In November 2008, I lost my job in company-wide layoffs. I’m relatively certain my blogging (which I admit happened on the job sometimes) played a role in the decision to terminate me. While I was packing up my desk, my boss came by and told me that if I blogged about the layoffs, she’d pursue […]
In November 2008, I lost my job in company-wide layoffs. I’m relatively certain my blogging (which I admit happened on the job sometimes) played a role in the decision to terminate me.
While I was packing up my desk, my boss came by and told me that if I blogged about the layoffs, she’d pursue legal action.
So, on that rainy November day, I cried myself home and collapsed on the floor in my two-bedroom apartment.
How was I going to afford my apartment? How about my car? Which dumpster would be the best one to rummage through for food scraps? I’m really good at “worst case scenarios,” clearly.
My unemployment was made worse by the fact that I’d recently parted way with a serious boyfriend. Double-Decker-Life-Exploding-Crap-Sandwich! Yay!
I was depressed and wasn’t being diligent about finding a new job. With no real income coming in, my landlady got pissed off that I was not paying rent and my car payments were beyond late. Eventually I was forced to move back in with my father.
I hit rock bottom.
One day, I woke up and decided to change things. The truth is, I wasn’t really invested in the job I’d lost. It wasn’t my life passion. I started scouring the web for “side jobs” and came across Elance.com, which offers freelance work. I navigated the site, found a few jobs that I liked, and squealed a little when I found a posting looking for a blogger to write about autism.
I had zero experience aside from my personal blog, but I went ahead and put together a few good examples of my writing and applied for the job.
When I hadn’t heard from the potential client a week later, I assumed someone else had been hired. But then I got an email offering me the job! I was so excited.
A few weeks later, I applied for two more positions: one as a virtual assistant and another as a marketing consultant. To my surprise, I landed both!
These days, I have a 9 to 5 job, but I still hold two of my freelance gigs. The moral of my story? Being laid off isn’t the end of the world. It forced me to be resourceful and introduced me to freelancing, which helped me earn some cash and continues to be a nice source of side income for me.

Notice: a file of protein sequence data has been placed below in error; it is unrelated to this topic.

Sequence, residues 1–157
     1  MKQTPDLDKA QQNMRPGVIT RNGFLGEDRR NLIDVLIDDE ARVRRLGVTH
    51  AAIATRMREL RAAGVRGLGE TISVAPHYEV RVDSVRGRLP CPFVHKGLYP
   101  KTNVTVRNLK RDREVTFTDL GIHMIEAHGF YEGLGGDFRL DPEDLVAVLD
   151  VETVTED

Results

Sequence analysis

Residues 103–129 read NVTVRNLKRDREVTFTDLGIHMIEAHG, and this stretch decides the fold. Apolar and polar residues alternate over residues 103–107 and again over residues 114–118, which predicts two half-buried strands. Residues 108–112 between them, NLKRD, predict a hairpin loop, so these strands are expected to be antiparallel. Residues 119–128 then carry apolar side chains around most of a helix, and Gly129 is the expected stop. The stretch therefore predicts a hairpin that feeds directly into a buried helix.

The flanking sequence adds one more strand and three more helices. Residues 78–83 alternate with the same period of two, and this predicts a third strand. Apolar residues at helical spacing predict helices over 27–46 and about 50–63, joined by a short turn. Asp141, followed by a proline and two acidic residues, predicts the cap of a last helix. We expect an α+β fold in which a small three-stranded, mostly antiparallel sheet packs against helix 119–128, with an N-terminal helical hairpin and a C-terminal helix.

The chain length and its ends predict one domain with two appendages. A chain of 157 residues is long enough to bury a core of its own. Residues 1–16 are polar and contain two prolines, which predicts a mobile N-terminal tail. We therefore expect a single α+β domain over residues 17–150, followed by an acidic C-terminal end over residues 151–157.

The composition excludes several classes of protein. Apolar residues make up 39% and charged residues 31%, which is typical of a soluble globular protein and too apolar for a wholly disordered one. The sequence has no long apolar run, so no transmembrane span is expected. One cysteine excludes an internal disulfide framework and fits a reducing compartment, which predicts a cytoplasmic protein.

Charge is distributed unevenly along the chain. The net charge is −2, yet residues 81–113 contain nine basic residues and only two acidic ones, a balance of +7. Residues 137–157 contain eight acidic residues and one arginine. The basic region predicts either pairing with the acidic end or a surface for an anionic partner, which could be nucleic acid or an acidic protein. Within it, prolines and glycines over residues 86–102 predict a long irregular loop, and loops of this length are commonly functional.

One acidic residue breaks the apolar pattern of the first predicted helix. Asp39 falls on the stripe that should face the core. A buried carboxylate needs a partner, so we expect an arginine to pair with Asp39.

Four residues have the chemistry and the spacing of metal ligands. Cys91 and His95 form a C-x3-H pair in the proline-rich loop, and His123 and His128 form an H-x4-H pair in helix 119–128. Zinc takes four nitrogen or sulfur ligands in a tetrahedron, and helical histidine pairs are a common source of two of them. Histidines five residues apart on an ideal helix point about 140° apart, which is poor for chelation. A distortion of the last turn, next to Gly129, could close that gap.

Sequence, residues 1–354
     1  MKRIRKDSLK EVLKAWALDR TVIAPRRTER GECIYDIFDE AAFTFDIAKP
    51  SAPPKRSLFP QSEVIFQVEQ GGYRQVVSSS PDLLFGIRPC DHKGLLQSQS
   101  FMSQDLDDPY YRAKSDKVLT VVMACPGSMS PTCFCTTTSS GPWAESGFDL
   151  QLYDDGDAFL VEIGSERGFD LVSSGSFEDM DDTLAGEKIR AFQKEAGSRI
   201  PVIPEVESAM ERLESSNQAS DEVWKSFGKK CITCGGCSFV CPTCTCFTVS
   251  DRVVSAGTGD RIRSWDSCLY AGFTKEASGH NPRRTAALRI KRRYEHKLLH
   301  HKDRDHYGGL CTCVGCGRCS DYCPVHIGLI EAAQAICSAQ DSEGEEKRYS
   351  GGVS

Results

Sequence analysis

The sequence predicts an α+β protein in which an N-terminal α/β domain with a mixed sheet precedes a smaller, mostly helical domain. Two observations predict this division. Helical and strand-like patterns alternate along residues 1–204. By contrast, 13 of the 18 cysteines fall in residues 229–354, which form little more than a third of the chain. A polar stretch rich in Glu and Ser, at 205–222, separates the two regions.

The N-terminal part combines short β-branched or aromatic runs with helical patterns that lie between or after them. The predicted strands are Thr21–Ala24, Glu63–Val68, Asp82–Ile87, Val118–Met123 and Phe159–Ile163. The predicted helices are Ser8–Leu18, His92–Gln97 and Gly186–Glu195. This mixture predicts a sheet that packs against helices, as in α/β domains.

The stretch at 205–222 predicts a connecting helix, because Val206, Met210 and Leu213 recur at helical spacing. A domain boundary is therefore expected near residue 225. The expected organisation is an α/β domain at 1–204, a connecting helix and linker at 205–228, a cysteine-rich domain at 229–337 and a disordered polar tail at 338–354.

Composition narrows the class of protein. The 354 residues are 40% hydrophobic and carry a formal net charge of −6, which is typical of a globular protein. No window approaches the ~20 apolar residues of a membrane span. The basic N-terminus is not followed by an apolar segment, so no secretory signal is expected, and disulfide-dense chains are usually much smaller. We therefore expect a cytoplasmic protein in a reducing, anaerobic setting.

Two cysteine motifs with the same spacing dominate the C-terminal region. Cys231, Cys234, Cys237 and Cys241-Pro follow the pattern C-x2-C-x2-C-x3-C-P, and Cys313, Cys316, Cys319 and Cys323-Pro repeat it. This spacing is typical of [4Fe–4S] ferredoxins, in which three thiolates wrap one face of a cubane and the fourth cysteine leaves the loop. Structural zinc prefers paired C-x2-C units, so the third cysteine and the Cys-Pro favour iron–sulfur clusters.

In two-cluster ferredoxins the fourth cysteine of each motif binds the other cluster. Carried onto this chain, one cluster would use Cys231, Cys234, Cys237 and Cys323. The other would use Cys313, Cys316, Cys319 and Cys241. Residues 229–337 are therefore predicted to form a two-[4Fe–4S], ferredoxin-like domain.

So, I’ll leave you with some tips that can help you start freelancing (hopefully minus the layoff).
1. Decide whether you really want to freelance
The first step to becoming a freelancer is committing to it. Are you okay with the idea of having several short-term jobs and not one stable source of income?
2. Put together a portfolio
You must must MUST have a portfolio. Whether for writing, web design, whatever. If you’re new to freelancing, don’t sweat it. Come up with a few topics on your own and write about them. If you’re into design, make a few new website designs on your own. Or, offer a pro-bono design to a friend to build your portfolio. You have to be able to show your clients what you are capable of doing.
3. Create a schedule
When will you be available to work? Know your available hours and stick to them. Don’t work overtime, don’t work under time. Know your limits.
4. Know how to write a job proposal
Seriously. You can’t just say things like, “Hi. Want Job. Will do it.” That won’t fly. You have to be clear and concise. Ask questions about the project. Inquire about any specific needs. You’re selling yourself to a potential boss. Make them feel you’re interested. (If you’re not interested in the job, don’t apply.)
5. Come up with a payscale
Figure out how much you want to be paid. If you’re utilizing a website like Elance.com, you have the ability to put your hourly rate in your profile. I have an hourly rate and for some projects I require a minimum number of hours.
6. Just. Freakin’. Do. It.
Often, people doubt they’ll make any money or doubt they’ll make enough money from freelance work. I can tell you first hand that you can make a decent amount of money from freelance work. It just depends on how seriously you take freelancing, how much time you dedicate to doing projects and the quality of work that you put out there. Starting off, you might not be rolling in the dough. It takes time to build a customer/client base.
The best thing you can do it you want to start freelancing is just to start somewhere. And don’t wait. Start now.
Katie Colihan is a freelance writer and business consultant living in Philadelphia, Pa., by way of South Jersey. She works hard so that she can play hard and support her need for live concerts, pancake brunches, new notebooks and iced coffee.